According to ZDNet's David Berlind, "... the Massachusetts Senate Post Audit Committee has apparently called for hearing to take place at 1pm on Monday October 31st ..." to discuss "Massachusetts' recent ratification of the OpenDocument Format (ODF) as one of two standard file formats (the other is Adobe's Portable Document Format) that all state agencies must start using on January 1, 2007." ("Is Massachusetts' OpenDocument decision on the rocks?" October 24, 2005).
[Minor updates on 10/25/2005]
1. Is there a connection between Google's forthcoming Google Base and OpenOffice.org Base? The short-lived exposure of Google Base screen captures indicates that you'll be able to upload small database and other document files (<10MB) directly and files >=10MB to Google Base via FTP.
“By submitting, posting or displaying Content on or through Google services which are intended to be available to the general public, you grant Google a worldwide, non-exclusive, royalty-free license to reproduce, modify, adapt, publish and otherwise use, with or without attribution such Content on Google services solely for the purpose of displaying, distributing and promoting Google services.”
There's no indication from the screen captures I've seen that one can restrict file access to specific users or user groups. Stay tuned for posts that point to public sample OOo Base (*.odb), Jet (*.mdb), and SQL Server (*.mdf/*.ldf) examples for linking after Google Base goes live. Search Engine Roundtable reports that Google Base would "be introduced during the 'Google Zeitgeist '05 Partner Forum' to be held [10/25 to 10/27/2005] at Google HQ in California."
My take is that the phantom preview was intended to demonstrate Google's hype factor—not their shadowy weltanshauung—to Zeitgeist attendees. 2. Information Week: "Microsoft Lines Up Politician Support In Mass. Format Battle" by W. David Gardner; ZDNet: "InfoWeek: OpenDocument tangled in MA political showdown" by David Berlind; and BetaNews: "Mass. Secretary Attacks Open Doc Plan" by Nate Mook.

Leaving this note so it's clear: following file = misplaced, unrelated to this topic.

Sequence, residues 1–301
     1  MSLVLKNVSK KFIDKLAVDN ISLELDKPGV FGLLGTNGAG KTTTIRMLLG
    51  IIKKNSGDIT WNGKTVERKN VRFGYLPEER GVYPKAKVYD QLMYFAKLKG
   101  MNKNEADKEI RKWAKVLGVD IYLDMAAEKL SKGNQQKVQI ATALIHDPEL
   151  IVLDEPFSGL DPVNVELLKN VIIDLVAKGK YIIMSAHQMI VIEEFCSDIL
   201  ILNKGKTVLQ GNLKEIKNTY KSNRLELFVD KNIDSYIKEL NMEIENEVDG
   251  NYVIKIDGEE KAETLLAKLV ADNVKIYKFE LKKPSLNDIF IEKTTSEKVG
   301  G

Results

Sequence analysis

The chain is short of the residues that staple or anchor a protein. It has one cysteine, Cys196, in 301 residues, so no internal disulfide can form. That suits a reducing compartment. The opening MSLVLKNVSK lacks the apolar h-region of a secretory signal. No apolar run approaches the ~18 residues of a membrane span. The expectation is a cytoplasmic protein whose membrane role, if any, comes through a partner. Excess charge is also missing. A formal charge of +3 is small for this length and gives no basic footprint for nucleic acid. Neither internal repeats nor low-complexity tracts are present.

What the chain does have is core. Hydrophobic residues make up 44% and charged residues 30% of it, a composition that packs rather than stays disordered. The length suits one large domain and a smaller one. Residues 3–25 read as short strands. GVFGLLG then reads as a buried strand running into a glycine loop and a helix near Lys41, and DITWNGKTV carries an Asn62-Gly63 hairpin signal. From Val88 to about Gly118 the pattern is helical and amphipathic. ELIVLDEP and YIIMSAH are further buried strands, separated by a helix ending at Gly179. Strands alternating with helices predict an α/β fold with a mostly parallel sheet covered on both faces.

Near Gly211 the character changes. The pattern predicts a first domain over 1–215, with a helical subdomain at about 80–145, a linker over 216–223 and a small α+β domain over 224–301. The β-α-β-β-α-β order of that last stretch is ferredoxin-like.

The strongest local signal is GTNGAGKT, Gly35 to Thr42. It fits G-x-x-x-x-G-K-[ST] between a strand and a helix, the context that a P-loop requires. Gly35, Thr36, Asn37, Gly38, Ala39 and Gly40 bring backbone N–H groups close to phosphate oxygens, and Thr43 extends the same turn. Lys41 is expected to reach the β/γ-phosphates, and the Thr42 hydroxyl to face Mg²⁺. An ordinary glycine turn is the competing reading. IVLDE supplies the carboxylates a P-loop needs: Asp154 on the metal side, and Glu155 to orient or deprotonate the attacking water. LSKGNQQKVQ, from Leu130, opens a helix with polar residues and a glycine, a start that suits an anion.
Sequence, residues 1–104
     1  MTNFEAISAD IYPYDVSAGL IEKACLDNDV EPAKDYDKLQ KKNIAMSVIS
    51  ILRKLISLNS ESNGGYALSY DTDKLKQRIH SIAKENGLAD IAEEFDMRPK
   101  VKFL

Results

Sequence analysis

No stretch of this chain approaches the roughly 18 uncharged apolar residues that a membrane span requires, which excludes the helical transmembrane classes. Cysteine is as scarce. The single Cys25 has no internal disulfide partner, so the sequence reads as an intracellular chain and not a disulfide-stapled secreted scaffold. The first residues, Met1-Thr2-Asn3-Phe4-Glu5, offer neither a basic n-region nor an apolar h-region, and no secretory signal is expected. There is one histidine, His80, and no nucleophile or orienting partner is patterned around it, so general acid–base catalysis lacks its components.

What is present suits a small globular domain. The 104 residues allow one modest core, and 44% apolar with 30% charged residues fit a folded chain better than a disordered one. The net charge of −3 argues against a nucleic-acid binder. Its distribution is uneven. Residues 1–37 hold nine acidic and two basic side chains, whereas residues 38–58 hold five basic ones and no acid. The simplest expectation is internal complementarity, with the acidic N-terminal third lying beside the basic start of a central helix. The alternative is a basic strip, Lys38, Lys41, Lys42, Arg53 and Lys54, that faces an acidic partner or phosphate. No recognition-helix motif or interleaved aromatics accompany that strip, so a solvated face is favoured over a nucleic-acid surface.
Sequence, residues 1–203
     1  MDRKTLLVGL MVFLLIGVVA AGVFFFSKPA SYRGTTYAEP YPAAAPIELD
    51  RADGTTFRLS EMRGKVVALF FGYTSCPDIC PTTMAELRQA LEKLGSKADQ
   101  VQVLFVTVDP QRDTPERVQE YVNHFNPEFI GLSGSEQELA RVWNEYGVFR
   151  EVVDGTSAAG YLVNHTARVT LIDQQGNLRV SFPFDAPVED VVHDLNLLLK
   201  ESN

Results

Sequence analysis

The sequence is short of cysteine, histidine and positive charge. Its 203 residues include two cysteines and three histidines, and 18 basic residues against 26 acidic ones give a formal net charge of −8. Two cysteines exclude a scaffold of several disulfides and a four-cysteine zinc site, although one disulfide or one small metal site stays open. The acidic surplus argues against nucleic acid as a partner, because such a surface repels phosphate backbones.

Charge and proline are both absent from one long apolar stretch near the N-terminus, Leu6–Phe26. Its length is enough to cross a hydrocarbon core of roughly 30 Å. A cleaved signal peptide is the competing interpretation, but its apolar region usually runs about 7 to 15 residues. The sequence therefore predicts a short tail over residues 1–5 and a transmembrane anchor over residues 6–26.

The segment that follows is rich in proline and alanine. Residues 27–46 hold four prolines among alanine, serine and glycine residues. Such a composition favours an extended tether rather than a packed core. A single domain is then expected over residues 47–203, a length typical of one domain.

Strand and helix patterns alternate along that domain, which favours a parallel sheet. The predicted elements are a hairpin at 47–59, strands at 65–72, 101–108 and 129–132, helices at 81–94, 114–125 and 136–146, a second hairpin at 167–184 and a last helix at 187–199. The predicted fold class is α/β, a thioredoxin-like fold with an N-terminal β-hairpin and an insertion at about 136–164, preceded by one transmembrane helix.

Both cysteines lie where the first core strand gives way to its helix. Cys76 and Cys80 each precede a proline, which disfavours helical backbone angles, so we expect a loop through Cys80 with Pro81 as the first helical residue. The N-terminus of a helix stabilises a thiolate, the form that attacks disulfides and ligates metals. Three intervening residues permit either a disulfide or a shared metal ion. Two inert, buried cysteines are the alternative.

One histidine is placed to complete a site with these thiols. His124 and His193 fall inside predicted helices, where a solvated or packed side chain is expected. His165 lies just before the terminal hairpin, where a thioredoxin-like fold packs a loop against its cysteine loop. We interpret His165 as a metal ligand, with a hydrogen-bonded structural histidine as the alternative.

[A Later Update on 10/30/2005]
William Grosso comments on the speculation surrounding Google Base and proposes a new unit of measure of Web-application effort named the craig. The effort unit reminds me of the Technocracy movement's attempt to quantify physical and intellectual work by the erg or Joule: "10,000 lines of debugged AJAX code is worth how many ergs?"
PBS's Robert X. Cringely weighs in with a pre-Google Base (10/20/2005) article titled "Energy Crisis: It's Hard to Make a Buck When You are Storing Everyone's Stuff for Free." Cringely notes that "NOW we know why Google bought those 30 acres on the Columbia River in Oregon right next to a generating station from the Bonneville Power Administration. It's a source of cheap, uninterruptible power."
Cringely's latest (10/27/2005) piece, "Changing the Guard: Retiring Baby Boomers Are Going to Invigorate open Source," postulates that future retirees with IT talent will devote their golden years to writing code for Open Source projects.